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How to forecast cash flow

Running your own business has plenty of challenges and one thing that many small businesses struggle with is their finances.

Knowing how your business is going to look in six months or a year can be a real mystery to some people, and this makes things like equipment purchasing or hiring staff an uncertain process.

Luckily, there's a fairly simple fix for this: cash flow planning.

What is cash flow planning?

Cash flow planning is a forecast of how your bank account will look in the future. While there is an element of uncertainty about this work, it does help to paint a picture of where a business will sit financially in the future.

By knowing this, you can then work out how many more clients you need to reach a goal, what effect changing your prices will have and how much you can safely afford to spend to improve your business.

There are two main types of cash flow forecasts: short-term and long-term.

Short-term forecasting is useful if you want to make a big purchase. Knowing the impact this will have on your business can help you decide whether this is a good idea or not.

Long-term forecasting is useful for growth strategies. This can help you shape and grow your business more efficiently.

What to include in your cash flow planning

What you include in your forecasting depends on what you're trying to achieve, but there are several key factors to take into account.

The first step is to forecast your expected sales. You can do this based on weekly or monthly sales using past figures as an indication. Remember to factor in things like seasonal trends and one-off events in your forecasts.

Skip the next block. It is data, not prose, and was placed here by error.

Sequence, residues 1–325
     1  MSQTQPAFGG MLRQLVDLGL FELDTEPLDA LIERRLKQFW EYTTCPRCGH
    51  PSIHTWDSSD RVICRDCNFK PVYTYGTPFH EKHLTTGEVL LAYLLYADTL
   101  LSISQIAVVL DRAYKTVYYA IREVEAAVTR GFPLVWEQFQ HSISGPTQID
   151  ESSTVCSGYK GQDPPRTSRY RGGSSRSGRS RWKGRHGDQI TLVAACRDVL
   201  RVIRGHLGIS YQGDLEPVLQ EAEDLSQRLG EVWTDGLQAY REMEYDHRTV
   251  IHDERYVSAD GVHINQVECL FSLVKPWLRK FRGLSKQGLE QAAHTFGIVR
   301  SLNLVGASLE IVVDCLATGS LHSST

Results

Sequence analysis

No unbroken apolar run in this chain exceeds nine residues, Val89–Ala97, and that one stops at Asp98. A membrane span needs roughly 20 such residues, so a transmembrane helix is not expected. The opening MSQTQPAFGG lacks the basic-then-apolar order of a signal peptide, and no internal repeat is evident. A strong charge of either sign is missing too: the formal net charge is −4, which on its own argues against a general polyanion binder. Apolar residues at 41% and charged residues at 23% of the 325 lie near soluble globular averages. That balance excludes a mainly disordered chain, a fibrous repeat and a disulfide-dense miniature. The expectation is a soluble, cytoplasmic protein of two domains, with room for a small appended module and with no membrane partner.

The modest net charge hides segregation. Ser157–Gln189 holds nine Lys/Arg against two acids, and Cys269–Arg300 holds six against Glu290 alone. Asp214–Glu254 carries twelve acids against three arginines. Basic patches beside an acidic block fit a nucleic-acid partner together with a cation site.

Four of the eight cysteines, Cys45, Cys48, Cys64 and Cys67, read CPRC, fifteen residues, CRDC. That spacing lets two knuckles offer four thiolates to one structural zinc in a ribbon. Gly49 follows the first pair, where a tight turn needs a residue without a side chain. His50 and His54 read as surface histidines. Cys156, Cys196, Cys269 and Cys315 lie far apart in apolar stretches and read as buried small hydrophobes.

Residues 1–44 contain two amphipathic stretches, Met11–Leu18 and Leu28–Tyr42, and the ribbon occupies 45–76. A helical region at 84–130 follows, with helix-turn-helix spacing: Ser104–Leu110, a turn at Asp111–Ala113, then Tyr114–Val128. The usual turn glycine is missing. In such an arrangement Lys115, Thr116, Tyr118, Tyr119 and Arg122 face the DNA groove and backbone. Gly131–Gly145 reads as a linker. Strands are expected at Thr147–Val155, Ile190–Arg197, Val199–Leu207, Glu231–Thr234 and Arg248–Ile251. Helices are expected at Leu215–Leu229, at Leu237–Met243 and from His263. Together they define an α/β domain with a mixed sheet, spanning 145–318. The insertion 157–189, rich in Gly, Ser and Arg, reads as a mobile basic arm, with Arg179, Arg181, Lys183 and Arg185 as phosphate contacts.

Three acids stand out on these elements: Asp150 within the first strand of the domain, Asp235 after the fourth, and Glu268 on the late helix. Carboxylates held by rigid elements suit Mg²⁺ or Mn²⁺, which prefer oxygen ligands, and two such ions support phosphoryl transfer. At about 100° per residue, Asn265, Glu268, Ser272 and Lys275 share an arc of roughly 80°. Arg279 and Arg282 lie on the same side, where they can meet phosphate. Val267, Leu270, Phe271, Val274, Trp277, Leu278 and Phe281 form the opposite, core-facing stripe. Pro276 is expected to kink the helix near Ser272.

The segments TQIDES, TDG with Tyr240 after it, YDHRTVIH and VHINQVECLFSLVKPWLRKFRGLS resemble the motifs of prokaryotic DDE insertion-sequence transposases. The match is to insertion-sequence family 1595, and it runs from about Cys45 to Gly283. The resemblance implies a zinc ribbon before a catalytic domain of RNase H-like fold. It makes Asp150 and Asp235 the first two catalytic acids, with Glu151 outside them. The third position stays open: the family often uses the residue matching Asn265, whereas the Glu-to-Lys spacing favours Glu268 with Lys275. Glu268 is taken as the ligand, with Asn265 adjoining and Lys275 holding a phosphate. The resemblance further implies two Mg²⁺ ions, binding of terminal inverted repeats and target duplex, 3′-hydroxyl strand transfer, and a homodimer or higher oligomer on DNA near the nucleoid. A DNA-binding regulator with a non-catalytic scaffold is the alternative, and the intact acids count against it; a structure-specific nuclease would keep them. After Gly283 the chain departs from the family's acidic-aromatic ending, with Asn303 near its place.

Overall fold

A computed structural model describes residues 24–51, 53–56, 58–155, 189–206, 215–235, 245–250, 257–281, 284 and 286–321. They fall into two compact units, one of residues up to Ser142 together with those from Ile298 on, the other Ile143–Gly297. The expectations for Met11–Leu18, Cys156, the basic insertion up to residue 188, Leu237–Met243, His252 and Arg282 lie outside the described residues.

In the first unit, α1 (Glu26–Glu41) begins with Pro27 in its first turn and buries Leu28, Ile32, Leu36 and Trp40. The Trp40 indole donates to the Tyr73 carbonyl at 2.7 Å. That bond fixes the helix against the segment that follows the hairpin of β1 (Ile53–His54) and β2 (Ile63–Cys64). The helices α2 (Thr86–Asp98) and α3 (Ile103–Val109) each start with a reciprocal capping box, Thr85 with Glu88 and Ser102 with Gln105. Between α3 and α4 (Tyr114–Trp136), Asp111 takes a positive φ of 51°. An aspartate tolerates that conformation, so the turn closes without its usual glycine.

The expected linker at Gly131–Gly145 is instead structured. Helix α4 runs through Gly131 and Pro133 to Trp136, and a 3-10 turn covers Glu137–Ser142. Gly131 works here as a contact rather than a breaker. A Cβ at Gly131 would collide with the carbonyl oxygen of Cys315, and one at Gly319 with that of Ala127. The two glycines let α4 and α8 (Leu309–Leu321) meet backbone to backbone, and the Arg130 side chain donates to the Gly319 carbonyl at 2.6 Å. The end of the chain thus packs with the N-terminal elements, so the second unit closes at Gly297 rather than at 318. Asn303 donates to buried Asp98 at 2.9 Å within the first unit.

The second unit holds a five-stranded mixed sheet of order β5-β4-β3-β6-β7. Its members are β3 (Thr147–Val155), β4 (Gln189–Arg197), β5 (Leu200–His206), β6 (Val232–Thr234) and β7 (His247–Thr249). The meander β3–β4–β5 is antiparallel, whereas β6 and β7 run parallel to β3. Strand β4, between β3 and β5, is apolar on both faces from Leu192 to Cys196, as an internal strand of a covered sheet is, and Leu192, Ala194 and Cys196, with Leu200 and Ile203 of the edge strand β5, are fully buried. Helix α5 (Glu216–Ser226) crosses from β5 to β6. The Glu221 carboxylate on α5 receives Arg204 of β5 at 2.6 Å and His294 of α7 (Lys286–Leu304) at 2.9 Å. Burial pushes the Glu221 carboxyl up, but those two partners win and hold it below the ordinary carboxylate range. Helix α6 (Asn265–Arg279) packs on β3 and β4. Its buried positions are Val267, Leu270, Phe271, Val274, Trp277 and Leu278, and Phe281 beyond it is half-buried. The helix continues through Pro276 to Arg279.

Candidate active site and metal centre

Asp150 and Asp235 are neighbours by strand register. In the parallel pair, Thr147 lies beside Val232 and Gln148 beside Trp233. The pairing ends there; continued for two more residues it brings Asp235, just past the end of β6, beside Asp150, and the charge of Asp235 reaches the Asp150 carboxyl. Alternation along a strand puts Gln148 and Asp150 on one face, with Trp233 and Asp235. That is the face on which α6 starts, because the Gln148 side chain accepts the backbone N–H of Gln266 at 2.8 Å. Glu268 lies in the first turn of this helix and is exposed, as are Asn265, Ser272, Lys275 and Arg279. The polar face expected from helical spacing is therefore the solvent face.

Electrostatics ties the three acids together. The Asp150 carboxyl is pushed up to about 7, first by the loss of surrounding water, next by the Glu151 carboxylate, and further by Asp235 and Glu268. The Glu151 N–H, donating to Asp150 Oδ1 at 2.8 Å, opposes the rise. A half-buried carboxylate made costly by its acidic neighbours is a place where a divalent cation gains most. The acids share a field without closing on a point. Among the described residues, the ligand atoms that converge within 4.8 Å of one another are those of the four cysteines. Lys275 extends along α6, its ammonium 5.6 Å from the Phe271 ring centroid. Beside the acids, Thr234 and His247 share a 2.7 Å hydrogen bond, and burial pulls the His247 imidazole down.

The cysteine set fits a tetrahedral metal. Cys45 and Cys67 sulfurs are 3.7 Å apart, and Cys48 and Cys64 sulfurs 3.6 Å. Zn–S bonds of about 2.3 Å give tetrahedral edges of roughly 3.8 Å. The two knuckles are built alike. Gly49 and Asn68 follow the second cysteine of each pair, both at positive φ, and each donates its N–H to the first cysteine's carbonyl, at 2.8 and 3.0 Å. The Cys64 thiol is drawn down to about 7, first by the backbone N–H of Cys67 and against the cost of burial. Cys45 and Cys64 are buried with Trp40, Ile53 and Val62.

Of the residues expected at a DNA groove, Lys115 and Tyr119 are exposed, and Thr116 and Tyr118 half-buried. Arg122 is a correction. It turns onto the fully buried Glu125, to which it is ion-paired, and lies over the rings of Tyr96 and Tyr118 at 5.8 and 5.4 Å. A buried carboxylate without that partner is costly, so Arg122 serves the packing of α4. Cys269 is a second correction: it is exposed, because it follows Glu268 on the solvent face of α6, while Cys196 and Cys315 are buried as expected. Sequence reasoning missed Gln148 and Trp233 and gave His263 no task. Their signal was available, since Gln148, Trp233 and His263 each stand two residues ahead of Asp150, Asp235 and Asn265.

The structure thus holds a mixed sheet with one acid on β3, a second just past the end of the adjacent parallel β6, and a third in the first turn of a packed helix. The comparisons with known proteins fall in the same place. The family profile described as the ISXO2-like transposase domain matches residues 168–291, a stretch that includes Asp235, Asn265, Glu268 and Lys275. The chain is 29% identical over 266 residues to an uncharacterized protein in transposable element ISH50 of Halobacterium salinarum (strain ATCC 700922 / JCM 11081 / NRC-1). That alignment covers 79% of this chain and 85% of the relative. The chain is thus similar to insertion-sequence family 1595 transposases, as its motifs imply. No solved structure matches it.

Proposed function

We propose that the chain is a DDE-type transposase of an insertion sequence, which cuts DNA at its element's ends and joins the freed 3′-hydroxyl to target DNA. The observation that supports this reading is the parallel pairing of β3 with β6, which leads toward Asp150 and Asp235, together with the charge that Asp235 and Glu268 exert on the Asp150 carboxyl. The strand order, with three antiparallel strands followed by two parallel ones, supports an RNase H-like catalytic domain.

Other things that may change your predictions are marketing pushes and competitor activity. It is also important to factor in your payment terms to your forecast.

The other important thing to include is your likely costs. Some of these are fixed and easy to predict – rent, loan repayments and subscriptions. You'll also have a good idea of staff payments and stock orders that you'll need to pay.

There are, however, uncertainties over other expenses – for example, whether you need to pay for a one-off repair or purchase. Using historical data can help you estimate how often you need to do this and give you a reason to put money aside so you're not hit by unexpected costs.

Keeping cash flow forecasts up to date

Having a cash flow forecast helps to make management decisions easier. However, it's not a one-off job. Businesses can change rapidly and what was true a few months ago may be wildly inaccurate now, so it's important to do regular forecasts.

This, of course, can be time-consuming and if you're not used to doing forecasts like this it's easy to make a mistake that has a huge impact on your business.

Getting professional help from an accountant in Newcastle can help take the stress away from you while helping you to become more productive and get the most out of your budget.

At Active Accounting Group, we have the tools to support you in managing and monitoring the flow of money through your business. Call us on (02) 4044 1245 for a Free Cash Flow Consultation.

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Tags: Cash Flow

14 Oct 2019

David Woods

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